Acharacterization, Antioxidant Properties And Authentication Of Virgin Coconut Oil
Abdul Manaf, Marina (2009) Acharacterization, Antioxidant Properties And Authentication Of Virgin Coconut Oil. PhD thesis, Universiti Putra Malaysia.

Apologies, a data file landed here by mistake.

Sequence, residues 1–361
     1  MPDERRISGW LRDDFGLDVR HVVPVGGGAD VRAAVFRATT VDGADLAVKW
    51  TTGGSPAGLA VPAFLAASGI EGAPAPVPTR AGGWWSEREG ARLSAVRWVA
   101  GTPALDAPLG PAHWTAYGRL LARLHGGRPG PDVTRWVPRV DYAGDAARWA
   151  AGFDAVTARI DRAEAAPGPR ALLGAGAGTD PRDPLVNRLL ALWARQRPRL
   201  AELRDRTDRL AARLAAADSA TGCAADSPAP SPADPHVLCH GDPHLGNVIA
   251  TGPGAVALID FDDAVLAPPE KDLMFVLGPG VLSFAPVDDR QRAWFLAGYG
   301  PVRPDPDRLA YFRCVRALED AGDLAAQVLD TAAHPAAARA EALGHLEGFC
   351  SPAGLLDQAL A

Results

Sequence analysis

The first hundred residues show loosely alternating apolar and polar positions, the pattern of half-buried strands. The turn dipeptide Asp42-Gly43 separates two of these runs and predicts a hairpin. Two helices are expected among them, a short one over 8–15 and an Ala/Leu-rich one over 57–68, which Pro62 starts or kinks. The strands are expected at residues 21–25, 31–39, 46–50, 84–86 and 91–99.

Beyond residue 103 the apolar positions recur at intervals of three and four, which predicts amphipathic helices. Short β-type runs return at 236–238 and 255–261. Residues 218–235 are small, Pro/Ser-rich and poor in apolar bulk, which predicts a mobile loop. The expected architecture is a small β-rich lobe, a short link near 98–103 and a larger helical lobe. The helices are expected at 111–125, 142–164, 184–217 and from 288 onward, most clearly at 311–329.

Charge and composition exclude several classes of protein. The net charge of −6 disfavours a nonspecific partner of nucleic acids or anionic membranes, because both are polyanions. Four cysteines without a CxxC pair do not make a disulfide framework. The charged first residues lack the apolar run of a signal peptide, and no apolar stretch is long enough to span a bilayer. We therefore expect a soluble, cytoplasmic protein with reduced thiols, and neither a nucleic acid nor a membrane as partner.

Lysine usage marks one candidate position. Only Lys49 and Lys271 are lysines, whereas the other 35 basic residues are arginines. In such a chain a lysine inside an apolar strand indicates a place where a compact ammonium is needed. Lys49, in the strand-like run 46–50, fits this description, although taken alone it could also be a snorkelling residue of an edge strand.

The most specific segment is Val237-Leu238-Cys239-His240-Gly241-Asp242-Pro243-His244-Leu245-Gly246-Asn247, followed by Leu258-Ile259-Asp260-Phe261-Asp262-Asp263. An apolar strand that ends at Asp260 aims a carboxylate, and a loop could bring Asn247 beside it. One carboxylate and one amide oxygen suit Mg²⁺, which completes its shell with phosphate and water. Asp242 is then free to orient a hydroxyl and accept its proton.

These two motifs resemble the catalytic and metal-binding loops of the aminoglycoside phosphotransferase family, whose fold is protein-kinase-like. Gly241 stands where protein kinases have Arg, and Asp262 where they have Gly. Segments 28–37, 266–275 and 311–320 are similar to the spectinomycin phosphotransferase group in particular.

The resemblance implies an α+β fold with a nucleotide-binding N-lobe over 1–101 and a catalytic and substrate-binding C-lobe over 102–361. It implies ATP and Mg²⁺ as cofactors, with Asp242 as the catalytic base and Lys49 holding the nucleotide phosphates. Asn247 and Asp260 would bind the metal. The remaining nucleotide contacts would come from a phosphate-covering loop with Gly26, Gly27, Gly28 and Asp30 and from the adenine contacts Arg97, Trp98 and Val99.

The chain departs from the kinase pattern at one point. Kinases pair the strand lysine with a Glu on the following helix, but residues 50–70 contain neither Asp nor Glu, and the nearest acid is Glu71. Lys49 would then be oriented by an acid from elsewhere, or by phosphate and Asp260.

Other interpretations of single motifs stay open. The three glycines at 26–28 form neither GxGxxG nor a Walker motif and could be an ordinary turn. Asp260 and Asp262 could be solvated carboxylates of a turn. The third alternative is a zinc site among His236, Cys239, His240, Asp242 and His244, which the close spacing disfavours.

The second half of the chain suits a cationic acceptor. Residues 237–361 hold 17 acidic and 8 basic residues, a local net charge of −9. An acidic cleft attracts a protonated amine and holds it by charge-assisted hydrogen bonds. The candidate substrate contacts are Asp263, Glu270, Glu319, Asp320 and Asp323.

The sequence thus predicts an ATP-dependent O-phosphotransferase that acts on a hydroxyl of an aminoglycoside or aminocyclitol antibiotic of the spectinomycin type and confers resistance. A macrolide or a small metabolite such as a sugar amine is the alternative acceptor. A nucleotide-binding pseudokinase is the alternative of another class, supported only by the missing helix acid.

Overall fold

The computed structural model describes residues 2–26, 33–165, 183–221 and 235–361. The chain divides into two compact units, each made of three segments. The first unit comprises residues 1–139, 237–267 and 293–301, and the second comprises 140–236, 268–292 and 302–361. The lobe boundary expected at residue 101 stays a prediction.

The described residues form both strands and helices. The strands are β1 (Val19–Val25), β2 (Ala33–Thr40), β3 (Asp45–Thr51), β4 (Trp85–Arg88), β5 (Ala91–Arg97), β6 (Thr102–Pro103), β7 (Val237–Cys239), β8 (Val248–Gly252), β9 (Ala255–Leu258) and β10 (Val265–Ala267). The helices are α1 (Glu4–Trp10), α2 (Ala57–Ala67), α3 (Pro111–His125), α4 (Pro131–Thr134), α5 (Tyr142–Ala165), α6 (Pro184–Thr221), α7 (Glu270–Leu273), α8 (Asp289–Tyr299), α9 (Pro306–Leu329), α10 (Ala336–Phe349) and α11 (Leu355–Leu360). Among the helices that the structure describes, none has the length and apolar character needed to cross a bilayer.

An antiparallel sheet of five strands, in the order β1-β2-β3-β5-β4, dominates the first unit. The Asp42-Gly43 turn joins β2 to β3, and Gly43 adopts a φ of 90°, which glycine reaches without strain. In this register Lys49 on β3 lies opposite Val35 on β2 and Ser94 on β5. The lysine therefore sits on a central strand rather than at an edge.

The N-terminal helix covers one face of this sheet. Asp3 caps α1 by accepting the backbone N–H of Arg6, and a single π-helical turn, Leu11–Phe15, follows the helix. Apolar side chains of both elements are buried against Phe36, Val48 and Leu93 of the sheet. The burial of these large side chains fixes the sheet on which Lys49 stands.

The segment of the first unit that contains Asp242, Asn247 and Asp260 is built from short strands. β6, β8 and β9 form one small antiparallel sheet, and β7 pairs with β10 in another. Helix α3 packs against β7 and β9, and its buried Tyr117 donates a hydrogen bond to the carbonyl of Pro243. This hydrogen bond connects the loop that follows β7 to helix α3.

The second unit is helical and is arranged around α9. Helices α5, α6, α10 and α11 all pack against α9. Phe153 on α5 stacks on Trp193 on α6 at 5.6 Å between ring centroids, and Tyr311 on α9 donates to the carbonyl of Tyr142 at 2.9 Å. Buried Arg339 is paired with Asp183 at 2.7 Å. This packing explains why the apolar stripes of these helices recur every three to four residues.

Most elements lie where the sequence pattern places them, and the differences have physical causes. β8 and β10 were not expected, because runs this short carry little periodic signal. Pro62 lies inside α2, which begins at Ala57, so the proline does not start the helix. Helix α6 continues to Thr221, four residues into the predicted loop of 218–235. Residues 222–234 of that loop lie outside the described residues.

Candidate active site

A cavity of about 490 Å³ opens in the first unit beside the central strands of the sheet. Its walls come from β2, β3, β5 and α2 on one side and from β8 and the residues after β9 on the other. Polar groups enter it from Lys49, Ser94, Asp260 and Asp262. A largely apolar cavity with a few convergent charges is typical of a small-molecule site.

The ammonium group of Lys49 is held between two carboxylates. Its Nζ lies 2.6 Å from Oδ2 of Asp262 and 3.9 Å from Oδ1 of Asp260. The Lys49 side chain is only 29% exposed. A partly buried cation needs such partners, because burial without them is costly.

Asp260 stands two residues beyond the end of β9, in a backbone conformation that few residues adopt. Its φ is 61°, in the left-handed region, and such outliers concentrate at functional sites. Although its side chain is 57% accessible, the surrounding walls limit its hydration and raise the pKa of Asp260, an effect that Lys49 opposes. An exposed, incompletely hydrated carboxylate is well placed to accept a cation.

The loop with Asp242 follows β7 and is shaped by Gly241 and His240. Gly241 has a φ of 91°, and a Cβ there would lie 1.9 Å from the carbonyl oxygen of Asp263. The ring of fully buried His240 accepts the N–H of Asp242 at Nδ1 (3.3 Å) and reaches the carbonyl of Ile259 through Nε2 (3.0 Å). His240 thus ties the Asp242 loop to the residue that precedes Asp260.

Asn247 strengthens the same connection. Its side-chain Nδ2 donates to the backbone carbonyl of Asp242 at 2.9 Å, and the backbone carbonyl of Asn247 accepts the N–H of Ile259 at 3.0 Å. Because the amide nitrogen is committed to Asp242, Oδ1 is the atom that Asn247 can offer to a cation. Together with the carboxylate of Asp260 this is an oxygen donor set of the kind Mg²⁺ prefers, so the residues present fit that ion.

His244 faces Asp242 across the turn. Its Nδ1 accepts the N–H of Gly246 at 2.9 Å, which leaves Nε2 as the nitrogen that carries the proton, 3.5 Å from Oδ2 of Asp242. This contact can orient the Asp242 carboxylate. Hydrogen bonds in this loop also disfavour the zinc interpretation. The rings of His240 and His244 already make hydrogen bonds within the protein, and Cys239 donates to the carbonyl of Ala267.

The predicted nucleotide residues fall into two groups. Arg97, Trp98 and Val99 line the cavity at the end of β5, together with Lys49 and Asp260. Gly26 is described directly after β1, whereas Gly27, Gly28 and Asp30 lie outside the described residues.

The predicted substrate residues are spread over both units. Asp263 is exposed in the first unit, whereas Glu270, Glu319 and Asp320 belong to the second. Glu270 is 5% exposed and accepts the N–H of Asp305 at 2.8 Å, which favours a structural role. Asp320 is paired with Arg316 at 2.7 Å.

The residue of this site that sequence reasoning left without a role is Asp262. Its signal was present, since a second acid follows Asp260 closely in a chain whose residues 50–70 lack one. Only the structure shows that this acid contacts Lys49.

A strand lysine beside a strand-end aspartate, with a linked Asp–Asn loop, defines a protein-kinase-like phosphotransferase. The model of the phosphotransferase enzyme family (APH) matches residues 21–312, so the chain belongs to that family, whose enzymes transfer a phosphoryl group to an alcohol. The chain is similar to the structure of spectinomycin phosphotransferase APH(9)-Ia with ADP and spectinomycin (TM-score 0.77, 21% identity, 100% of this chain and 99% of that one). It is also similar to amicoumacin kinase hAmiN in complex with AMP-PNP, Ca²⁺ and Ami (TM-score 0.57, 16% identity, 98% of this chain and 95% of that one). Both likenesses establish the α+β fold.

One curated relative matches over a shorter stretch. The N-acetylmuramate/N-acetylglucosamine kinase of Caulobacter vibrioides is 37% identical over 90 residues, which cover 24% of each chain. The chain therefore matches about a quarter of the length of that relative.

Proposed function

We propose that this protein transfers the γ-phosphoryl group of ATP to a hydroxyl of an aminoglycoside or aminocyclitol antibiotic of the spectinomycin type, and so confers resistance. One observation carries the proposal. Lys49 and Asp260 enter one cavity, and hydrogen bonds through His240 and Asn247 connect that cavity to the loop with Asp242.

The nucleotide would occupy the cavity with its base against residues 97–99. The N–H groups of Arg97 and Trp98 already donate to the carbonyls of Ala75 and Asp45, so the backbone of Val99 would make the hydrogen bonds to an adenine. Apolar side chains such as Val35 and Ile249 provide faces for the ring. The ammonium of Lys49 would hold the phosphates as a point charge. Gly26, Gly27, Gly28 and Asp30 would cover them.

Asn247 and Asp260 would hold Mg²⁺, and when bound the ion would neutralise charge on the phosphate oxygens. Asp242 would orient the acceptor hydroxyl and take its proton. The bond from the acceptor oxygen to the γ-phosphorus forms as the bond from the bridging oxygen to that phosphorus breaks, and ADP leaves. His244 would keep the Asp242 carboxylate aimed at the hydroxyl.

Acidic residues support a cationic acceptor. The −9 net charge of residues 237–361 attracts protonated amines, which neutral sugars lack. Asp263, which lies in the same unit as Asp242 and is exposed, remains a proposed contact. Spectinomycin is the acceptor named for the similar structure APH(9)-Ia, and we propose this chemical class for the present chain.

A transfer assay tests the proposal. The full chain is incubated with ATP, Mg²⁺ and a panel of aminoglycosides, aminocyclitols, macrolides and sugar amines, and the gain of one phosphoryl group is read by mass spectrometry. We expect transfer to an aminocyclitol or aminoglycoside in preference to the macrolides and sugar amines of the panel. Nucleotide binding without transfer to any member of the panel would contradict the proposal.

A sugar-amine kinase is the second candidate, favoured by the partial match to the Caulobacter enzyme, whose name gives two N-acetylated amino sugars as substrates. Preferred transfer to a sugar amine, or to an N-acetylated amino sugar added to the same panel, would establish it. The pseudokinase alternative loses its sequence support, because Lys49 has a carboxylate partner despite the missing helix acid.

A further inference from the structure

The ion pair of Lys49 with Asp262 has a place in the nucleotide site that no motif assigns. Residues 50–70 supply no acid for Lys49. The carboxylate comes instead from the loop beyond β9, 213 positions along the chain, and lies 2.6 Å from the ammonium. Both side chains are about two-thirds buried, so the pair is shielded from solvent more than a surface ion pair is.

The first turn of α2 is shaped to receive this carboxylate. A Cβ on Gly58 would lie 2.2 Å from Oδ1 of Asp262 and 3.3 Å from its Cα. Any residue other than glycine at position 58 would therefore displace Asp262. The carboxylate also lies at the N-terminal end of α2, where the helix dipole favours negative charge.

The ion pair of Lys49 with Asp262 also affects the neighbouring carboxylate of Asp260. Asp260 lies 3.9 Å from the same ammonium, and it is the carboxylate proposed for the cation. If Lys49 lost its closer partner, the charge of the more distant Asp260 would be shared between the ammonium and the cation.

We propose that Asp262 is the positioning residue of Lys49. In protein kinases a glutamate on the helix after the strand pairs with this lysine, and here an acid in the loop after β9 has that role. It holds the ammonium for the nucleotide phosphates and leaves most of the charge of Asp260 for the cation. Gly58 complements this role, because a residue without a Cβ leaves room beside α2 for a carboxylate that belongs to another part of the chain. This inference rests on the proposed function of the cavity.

A study on chemical properties and authentication of virgin coconut oil (VCO) was conducted. Chemical properties showed that commercial VCO had iodine value of 4.47 to 8.55, peroxide value of 0.21 to 0.57 meq oxygen/kg, free fatty acid of 0.15 to 0.25, saponification value of 250.07 to 260.67 mg KOH/g oil and anisidine value of 0.16 to 0.49. Lauric acid was the predominant fatty acid which ranged from 46.64 to 48.03%. Major triacylglycerol (TAG) were LaLaLa, LaLaM, CLaLa, LaMM and CCLa (La:lauric; C:capric; M:Myristic) which accounted for more than 80% TAG of the oil. Total phenolic content ranged from 7.78 to 29.18 mg GAE/g oil. VCO samples exhibited higher antioxidant activity (49.79 to 79.87%) compared to refined, bleached and deodorized (RBD) coconut oil (49.58%). Comparison between different processing methods of VCO showed that VCO produced by fermentation method possessed the strongest scavenging effect on 1,1-diphenyl-2-picrylhydrazyl (DPPH) with the amount of oil necessary to decrease the initial DPPH radical concentration by 50% (EC50) value of 1.24 mg/mL. VCO produced by fermentation method also exhibited the highest antioxidant activity of 71% while the highest reducing power of VCO produced by chilling method was 1.02 at 10 mg/mL. The results revealed that VCO produced by both fermentation and chilling method had higher antioxidant potency than RBD coconut oil. Total phenolic content was strongly correlated with radical scavenging capacity (r = 0.91) and reducing power (r = 0.96) while no correlation was observed for β-carotene bleaching test. Some phenolic acids found in VCOs were protocatechuic, vanillic acid, caffeic acid, syringic acid, coumaric acid and ferulic acid. Rapid methods were developed to detect adulteration in VCO. First, Fourier transform infrared (FTIR) spectroscopy was used to detect adulteration of VCO with palm kernel olein. The results showed that FTIR was capable of detecting adulteration down to 1% adulteration level. Discriminant analysis using 10 principal components was able to classify pure and adulterated samples on the basis of their spectra. A partial least square (PLS) calibration demonstrated a good linear regression (R2) of 0.9875 of actual value against FTIR predicted concentration of palm kernel olein. Discriminant analysis was also capable to distinguish between VCO and other vegetable oils.Another rapid method, differential scanning calorimetry (DSC) was also used to determine adulteration of VCO with selected vegetable oils, namely soybean oil (SBO) from linolenic acid group, sunflower oil (SFO) from oleic-linoleic acid group and palm kernel oil (PKO) from lauric acid group. The heating curves of SBO and SFO adulterated samples demonstrated adulteration peaks appearing at the lower temperature region starting at 10% adulteration level. Regression analysis using stepwise multiple linear regressions (SMLR) was used to predict the percent of adulterant with R2 of 0.9390 for SFO and 0.9490 for SBO. No adulteration peak was observed for PKO adulterated oils but a good relationship between the main exothermic peak height of PKO and percentage of adulteration was established with R2 of 0.9454. Finally, electronic nose with surface acoustic wave (SAW) sensor was used to detect adulteration in VCO with palm kernel olein. Qualitative analysis was made possible using VaporPrintTM, which translated the sensor’s response into visualized two dimensional image. Adulteration peaks were identified from chromatogram profile and the best relationship (R2 = 0.9093) was obtained between adulterant peak F and the percentage of palm kernel olein added. Pearson correlation (r) of 0.92 was obtained between adulterant peak F and iodine value while correlation (r) of 0.89 was obtained between peroxide value and adulterant peak F. Principal component analysis (PCA) provided good separation of samples with 74% of the variation accounted for principal component 1 and 17% accounted for principal component 2. Excellent result was obtained in the differentiation of pure and adulterated samples down to 1% detection limit. In conclusion, this study provides references on chemical properties as well as presented the antioxidative potential of VCO. New methods were also developed for detection of adulteration of VCO with other oils using rapid analytical techniques.
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